By Sharanya Gopinathan
Following the abduction and sexual assault of a popular Malayalam actor in Kerala, there has been lots of discussion in the South Indian film industry about how to tackle sexism and rape culture. It’s easy to see that there’s a marked difference in what men and women have to say about it: while men like Prithviraj Sukumaran have referred to the survivor as “one of the most beautiful girls” he knows, and Dulquer Salmaan felt the need to point out that she is “somebody’s daughter and somebody’s sister”, women like Parvathy, on the other hand, have spoken about sexual assault being rampant in the film industry, and about the nuanced interplay of casteism and sexism.
Soon after the assault, Association of Malayalam Movie Artistes (AMMA) held a meeting to find ways to ensure the safety of women in the film industry. They came up with the brilliant suggestion that female actors should never travel anywhere alone ever, in the day or night. Here is a picture of them:
Yes, this picture of AMMA, ahem, is mostly a bunch of dudes. Surprise!
So we were super excited to read that yesterday, a group of women in the Malayalam film industry decided to come together to do things that would actually help women in the film industry, and not infantilize them, restrict their mobility and generally get in the way. The collective, called Women in Cinema Collective, includes Manju Warrier, Parvathy, Bhavana, Anjali Menon, Geethu Mohan Das, Rima Kallingal and other prominent women working in the industry.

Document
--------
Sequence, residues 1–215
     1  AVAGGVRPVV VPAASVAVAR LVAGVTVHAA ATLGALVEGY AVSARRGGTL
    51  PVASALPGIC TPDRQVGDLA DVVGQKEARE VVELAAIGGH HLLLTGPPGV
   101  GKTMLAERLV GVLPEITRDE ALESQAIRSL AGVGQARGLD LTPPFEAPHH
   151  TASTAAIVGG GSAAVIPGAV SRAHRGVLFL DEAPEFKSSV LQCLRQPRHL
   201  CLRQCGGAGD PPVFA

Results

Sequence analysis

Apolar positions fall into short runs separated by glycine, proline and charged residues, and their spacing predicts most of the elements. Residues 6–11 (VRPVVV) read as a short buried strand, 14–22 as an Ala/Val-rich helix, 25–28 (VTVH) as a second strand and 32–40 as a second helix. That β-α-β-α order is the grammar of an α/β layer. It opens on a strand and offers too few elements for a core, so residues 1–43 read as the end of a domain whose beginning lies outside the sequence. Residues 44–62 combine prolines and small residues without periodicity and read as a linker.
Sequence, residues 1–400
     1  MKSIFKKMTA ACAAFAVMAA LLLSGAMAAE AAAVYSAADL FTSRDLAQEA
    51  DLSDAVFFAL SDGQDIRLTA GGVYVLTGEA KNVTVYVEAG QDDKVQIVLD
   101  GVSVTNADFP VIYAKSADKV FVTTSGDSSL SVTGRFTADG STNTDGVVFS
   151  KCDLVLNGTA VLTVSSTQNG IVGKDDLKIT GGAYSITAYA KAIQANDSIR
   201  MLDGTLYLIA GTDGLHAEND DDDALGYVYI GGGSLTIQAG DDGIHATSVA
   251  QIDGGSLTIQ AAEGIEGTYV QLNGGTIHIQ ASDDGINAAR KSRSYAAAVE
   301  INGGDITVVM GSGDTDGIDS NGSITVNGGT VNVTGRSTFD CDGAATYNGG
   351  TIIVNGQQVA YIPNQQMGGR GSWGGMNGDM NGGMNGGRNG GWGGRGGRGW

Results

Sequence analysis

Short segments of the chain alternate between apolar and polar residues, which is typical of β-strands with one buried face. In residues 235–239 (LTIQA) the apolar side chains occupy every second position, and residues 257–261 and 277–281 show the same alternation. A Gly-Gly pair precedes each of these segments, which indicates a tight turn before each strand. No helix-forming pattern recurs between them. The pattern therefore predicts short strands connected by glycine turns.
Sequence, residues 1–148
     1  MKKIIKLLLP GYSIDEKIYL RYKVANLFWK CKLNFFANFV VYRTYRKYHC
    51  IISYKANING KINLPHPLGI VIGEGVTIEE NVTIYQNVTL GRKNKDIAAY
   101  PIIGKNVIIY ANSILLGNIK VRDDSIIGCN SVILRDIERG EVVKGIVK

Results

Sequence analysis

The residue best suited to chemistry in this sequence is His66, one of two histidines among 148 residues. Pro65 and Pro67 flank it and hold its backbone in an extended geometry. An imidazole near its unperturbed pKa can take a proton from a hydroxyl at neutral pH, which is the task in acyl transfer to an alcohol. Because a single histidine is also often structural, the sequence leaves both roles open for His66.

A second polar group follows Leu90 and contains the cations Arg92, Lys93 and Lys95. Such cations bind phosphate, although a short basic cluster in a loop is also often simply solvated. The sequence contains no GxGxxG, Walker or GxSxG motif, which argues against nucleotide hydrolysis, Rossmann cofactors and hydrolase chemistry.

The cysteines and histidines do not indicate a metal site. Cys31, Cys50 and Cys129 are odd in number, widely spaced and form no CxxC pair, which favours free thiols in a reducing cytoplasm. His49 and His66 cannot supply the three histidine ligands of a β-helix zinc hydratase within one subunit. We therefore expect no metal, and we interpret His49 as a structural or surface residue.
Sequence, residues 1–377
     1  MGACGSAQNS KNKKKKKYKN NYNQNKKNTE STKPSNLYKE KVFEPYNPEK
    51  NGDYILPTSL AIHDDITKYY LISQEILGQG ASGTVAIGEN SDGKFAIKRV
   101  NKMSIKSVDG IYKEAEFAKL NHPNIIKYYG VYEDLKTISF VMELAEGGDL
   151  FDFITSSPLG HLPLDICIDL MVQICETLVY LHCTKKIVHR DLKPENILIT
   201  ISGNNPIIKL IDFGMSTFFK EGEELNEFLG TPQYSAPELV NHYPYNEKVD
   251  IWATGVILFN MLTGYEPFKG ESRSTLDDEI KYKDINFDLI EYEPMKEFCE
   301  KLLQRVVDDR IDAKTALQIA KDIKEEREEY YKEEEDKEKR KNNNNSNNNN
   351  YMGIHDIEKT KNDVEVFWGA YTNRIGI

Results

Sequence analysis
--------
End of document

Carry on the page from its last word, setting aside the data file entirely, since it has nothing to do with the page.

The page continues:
Yesterday, the Collective met Kerala Chief Minister Pinarayi Vijayan to request the creation of a committee that will study gender disparity and working conditions for women in the industry.
The memo that they submitted to the CM contains a variety of demands, and when you compare their demands to the clowny suggestions from the dudes at AMMA, you realise just how badly we needed this. They’ve demanded the redressal of unequal pay for women, PFs for women who had to abstain from work due to pregnancy, child-rearing and physical ailments, reservations for women in government-owned studios and subsidies for production crews that have 30 percent women. Here’s a picture of the Women in Cinema Collective with CM Pinarayi Vijayan:
Women just always do it better for themselves. Plus, my colleague would like to know, have you’ve ever seen Pinarayi look unhappier in his life? 😛